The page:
Often, we make the excuse that if we were “motivated enough” to go to the gym to lift weights, shoot extra free throws after practice, or run that extra mile on the track, we could achieve our goals of being a better athlete or achieve a greater level of fitness. However, motivation is a resource that we all possess. According to Merriam-Webster (2014), motivation is defined as “the condition of being eager to act or work.” Motivation is comparable to a feeling of desire, or a psychological state. All individuals can experience an emotion such as desire. A critical distinction can be made between the condition of motivation, and the process of achievement – a process known as committed action.

Committed action is exhibited when an individual consistently demonstrates the specific behaviors needed to result in optimal performance (Gardner & Moore, 2007). Committed action is a result of acting in service of personal values. Values are the desired qualities an individual wants to possess and display (Harris, 2009). Values can help guide our behavior in any given situation. For example, we may choose to take a few extra backhand strokes after practice to work on our tennis shot, in order to achieve our personal value of becoming a more well-rounded tennis player.

Values-driven behavior, or committed action, is easiest when conditions favor acting in service of one’s personal performance demands. When your coach offers you incentives for working towards your values, such as offering more playing time in the upcoming match for making a certain percentage of your shots, it is easy to choose to practice your jump shot in order to make a higher percentage so that you can play more. However, think about a situation in which there is no directly observable external reward, and when other conditions are unfavorable like having a low level of energy, bad weather, or not having the amount of time desired. In these situations, many people may feel that a “low level of motivation” was a reason for not practicing. Instead, one could propose that bringing personal values to the forefront of his mind would provide ample motivation.

In each and every situation, there will be some reason not to act in accordance with values. Fatigue, weather conditions, time limitations, anger, frustration, anxiety, and other factors can constantly serve as barriers to values-driven behavior. In these situations, it is critical to keep in mind your personal performance values when choosing how to behave. This may involve running several more sprints even though you are exhausted, sacrificing time with others in order to train, or choosing to stay late or come early to practice. It is critical to realize that is not these thoughts, emotions, or influences that are preventing you from committed action; rather, it is your reaction to these events. The key here is act in accordance with your values while being able to tolerate negative thoughts, emotions, and influences, a concept known as poise (Gardner and Moore, 2007).

In order to engage in values-driven behavior, it can be helpful to write down your personal performance values. After specifying your values, think of some short-term and long-term goals that are associated with your performance values. Remember to keep in mind the acronym S.M.A.R.T. when setting your goals. S.M.A.R.T. stands for specific, measurable, attainable, relevant, and timely, and should serve as a set of guidelines when creating goals. Goals should be clear, assessable, realistic, appropriate, and time-bound (Meyer, 2003).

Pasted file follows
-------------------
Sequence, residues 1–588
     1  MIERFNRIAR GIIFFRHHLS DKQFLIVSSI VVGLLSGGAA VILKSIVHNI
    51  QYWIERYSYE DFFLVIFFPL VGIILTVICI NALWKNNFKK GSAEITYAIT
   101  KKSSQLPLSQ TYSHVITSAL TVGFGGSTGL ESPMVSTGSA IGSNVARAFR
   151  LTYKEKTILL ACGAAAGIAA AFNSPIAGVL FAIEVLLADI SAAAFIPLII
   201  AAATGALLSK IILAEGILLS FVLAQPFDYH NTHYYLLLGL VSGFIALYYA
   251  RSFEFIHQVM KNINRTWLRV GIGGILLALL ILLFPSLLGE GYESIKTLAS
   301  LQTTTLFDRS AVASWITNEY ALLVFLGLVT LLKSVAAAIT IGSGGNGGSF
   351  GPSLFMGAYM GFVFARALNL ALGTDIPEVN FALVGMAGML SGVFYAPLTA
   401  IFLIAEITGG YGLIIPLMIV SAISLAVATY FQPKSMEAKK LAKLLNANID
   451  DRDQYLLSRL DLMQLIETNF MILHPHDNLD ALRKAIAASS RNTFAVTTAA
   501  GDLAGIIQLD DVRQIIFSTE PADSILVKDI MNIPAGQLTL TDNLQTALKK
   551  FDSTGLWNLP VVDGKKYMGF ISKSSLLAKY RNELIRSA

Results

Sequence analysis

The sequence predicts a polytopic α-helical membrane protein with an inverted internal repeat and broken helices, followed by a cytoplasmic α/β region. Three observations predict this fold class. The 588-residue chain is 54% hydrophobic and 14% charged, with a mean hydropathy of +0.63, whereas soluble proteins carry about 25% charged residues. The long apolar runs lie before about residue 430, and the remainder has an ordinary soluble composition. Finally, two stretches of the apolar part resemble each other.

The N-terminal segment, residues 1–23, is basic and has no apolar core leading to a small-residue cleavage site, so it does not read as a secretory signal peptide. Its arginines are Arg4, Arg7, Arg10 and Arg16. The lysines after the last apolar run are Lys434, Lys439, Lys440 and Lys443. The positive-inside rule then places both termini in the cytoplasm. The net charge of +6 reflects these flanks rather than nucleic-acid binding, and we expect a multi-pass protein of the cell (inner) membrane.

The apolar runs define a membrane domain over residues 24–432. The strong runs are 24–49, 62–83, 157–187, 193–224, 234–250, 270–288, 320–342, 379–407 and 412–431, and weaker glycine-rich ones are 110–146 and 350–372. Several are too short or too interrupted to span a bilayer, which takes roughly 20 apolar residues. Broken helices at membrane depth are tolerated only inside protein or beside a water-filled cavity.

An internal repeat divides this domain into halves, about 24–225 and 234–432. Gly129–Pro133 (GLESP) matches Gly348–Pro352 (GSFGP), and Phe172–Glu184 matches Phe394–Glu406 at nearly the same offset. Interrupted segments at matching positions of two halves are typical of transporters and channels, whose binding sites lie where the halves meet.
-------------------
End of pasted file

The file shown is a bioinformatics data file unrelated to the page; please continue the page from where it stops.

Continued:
For example, a basketball player may wish to improve his or her shooting ability. Using S.M.A.R.T. goals as a guide, the player would specify that his or her free throw percentage would be the target, and that making a specific number out of 10 would be the measurement. Realistically, the player would plan on making 7 out of 10 free throws, and that the goal is relevant to shooting because free throw shots are a part of the game. Then, the player would plan on improving his or her free throw percentage to 70% by the end of the month.

Finally, think of behaviors in specific situations that will act in service of your goals and values. Begin by planning out the actions you will take when faced with certain obstacles such as thoughts, emotions, and influences. This will allow you to remain cognizant of your values when put in those situations. Next, seek out performance situations that will test your ability to engage in committed action. Finally, reflect on your ability to act in a values-driven way in performance situations, and adjust your specific behaviors or goals as need be.

Committed action is a necessary process for achieving your personal performance goals. Writing down your values, goals, and the specific behaviors you will engage in can be a useful way to track your performance desires. By defining and keeping yourself deliberately aware of your performance goals, you will be able to perform in a way that will help you become more successful, be that on the field, court, track, or gym.

ReferencesShow all

Gardner, F. L. & Moore, Z. E. (2007). The psychology of enhancing human performance: The mindfulness-acceptance-commitment (MAC) approach. New York: Springer Publishing Company.

Harris, R. (2009). ACT made simple: An easy to read primer on acceptance and commitment therapy. Oakland: New Harbringer Publications, Inc.

Hayes, S. C., Strosahl, K., & Wilson, K. G., (1999). Acceptance and commitment therapy: An

experiential approach to behavior change. New York: Guilford Press.

Meyer, P. J. (2003). What would you do if you knew you couldn’t fail? Creating S.M.A.R.T. goals. In Attitude Is Everything: If You Want to Succeed Above and Beyond. Retrieved from https://www.ispe.org/casa/creating-smart-goals.pdf

Motivation [Def. 2]. (n.d.) In Merriam Webster Online, Retrieved February 16, 2014, from http://www.merriam-webster.com/dictionary/motivation